Mangrove Squeeze

Mangrove Squeeze

4.5 2
by Laurence Shames
     
 

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Suki Sperakis - like most denizens of Key West - came to town with one thing in mind and ended up doing something completely different. Now she's tired of selling ad space for a second-rate newspaper and fending off Lazlo Kalyanin, the Russian immigrant playboy who fancies her. Aaron Katz migrated south to run a simple bed-and-breakfast, to make an easy life for

Overview

Suki Sperakis - like most denizens of Key West - came to town with one thing in mind and ended up doing something completely different. Now she's tired of selling ad space for a second-rate newspaper and fending off Lazlo Kalyanin, the Russian immigrant playboy who fancies her. Aaron Katz migrated south to run a simple bed-and-breakfast, to make an easy life for himself and his father, but the realities of broken pipes and hollow walls -- not to mention a wistful kiss on the cheek from Suki -- make him wonder if life back in New York wasn't simpler after all. Then Suki misses a date and disappears, Lazlo turns up with his throat cut, and Aaron takes off into the mangroves to find the truth and possibly just a little bit of love.

"Funny, elegantly written, and hip." (Los Angeles Times Book Review)

Editorial Reviews

Publishers Weekly - Publisher's Weekly
Mixing crime and comedy in Key West into fluffy confections has worked well for Shames, but his latest (after Virgin Heat) falls a little flat. Maybe it's because the ingredients are so familiar: a spunky young woman who sells ads for a local handout but yearns to break a big story; an earnest ex-Wall Streeter who runs a struggling guest house; a gaggle of Russian mobsters skimming American cream at the ocean's edge. Toss in a pair of philosophical drifters living in an abandoned giant hot dog and a couple of old men in various stages of eccentricity and you've got a book with a terminal case of the cutes. There are bright moments: when Mangrove Arms owner Aaron Katz wakes at 5 a.m. "because the woman who was supposed to do the breakfast called to say her tattoo had started bleeding underneath her skin and she couldn't work that day." Or when Aaron's half-batty father overhears some Russian-speakers in a Key West bar and is transported back to his East European youth. Or when Suki Sperakis, New Jersey's gift to Key West journalism, tries to convince a local cop to call in the FBI after she has been strangled and left for dead by a Russian who runs a chain of T-shirt shops ("The FBI? Suki, jampacked 747s are falling from the sky, large public buildings are being blown off their foundations, small wars are being fought against skinhead lunatics in Idaho and Texas, and I'm supposed to call the FBI because you don't like the T-shirt shops?"). Sad to say, it would take many more such moments to make this light, trite souffl stand. $250,000 ad/promo; special promotion in which 10 booksellers will win a trip to Key West. (Mar.)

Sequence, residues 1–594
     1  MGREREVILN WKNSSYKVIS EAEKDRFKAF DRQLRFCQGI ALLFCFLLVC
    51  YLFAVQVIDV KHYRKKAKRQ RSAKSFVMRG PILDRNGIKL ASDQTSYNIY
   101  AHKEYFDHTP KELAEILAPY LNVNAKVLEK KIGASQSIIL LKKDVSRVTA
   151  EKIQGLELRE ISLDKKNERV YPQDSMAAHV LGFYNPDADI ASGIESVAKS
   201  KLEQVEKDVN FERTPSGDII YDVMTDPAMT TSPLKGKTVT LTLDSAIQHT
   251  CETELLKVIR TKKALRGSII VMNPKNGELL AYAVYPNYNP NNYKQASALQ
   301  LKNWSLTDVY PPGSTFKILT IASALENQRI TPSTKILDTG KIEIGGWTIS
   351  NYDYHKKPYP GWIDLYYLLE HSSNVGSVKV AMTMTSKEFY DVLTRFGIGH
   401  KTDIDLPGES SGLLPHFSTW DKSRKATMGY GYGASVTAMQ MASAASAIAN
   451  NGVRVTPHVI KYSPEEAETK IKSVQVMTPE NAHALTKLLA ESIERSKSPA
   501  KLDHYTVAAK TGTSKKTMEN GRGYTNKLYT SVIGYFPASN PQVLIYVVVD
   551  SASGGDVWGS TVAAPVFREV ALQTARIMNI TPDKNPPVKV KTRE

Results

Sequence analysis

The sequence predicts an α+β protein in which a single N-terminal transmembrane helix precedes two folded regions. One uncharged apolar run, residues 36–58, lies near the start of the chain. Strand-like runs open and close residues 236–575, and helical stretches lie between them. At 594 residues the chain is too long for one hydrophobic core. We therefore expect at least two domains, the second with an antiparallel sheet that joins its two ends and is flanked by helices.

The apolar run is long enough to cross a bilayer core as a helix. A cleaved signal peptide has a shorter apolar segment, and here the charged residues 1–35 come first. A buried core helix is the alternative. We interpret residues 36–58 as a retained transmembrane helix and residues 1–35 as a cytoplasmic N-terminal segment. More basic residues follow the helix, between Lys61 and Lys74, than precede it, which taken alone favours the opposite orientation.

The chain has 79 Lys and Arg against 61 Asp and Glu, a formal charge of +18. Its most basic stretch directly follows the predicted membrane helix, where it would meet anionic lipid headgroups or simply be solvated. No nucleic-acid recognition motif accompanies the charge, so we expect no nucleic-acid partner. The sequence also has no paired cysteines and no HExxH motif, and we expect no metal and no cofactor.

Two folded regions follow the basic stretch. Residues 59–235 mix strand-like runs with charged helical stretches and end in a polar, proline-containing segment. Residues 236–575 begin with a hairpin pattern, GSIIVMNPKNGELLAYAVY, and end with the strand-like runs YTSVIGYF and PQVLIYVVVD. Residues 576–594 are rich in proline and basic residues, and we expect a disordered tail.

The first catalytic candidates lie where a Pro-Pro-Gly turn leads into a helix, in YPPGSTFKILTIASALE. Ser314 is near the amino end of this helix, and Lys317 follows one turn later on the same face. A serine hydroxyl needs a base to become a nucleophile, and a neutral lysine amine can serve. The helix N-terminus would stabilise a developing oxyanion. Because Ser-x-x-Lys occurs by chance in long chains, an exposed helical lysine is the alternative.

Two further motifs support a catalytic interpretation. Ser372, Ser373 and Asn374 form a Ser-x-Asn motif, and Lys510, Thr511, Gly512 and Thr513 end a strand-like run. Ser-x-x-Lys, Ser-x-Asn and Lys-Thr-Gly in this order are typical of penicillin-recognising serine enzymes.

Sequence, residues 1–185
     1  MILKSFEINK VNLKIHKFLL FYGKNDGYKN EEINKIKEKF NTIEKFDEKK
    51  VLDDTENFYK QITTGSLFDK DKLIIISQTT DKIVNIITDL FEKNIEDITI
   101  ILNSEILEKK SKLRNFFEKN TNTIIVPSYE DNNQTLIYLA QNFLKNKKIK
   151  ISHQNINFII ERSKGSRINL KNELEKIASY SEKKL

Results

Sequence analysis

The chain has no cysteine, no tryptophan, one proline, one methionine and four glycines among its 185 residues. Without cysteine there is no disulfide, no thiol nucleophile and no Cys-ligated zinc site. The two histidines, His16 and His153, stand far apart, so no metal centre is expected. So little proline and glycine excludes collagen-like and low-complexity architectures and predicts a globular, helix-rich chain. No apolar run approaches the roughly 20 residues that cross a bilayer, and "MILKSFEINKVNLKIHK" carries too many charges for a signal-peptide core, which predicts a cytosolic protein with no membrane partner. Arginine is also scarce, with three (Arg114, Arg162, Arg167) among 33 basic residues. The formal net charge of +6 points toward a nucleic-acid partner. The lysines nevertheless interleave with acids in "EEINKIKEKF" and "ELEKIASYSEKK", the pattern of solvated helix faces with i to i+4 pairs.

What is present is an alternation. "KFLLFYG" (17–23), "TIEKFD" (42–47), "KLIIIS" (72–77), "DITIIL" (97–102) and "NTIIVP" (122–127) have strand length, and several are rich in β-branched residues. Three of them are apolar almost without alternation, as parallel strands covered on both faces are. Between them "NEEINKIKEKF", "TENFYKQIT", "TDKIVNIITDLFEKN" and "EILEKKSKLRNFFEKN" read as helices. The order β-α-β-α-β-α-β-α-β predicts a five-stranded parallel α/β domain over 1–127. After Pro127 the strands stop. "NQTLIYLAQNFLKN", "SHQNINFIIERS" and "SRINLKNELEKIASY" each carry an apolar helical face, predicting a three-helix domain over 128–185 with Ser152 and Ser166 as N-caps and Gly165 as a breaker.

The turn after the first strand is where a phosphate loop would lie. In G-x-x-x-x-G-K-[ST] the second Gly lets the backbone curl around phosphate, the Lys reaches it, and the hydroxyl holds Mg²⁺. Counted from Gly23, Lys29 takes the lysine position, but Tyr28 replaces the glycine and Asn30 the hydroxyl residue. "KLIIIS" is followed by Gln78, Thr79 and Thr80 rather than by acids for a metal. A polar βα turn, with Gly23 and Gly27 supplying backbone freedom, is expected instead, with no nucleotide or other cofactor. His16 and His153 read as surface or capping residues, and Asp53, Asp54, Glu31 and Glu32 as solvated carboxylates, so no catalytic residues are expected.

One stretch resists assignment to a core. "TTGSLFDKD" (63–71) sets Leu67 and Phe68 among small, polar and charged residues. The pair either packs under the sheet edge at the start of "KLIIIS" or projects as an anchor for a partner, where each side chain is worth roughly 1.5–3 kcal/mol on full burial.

Library Journal
David Hunter's reading and character accents add to the atmosphere of this amusing tale of Key West. Aaron Katz moved from New York City to Key West with his father to refurbish and run a bed-and-breakfast. Suki Serakis's latest job is selling ad space in the Island Frigate, but she's weary of the job and of the attention of Lazlo Kalyanin, a Russian immigrant who fancies himself a playboy. Add to the mix organized crime, two men who live in a hot-dog stand, kitschy T-shirt shops, dead bodies, and bombs and the result is an entertaining mix of quirky characters in an amusing mystery. Recommended for popular fiction collections.Denise A. Garofalo, Mid-Hudson Lib. Sys., Poughkeepsie, NY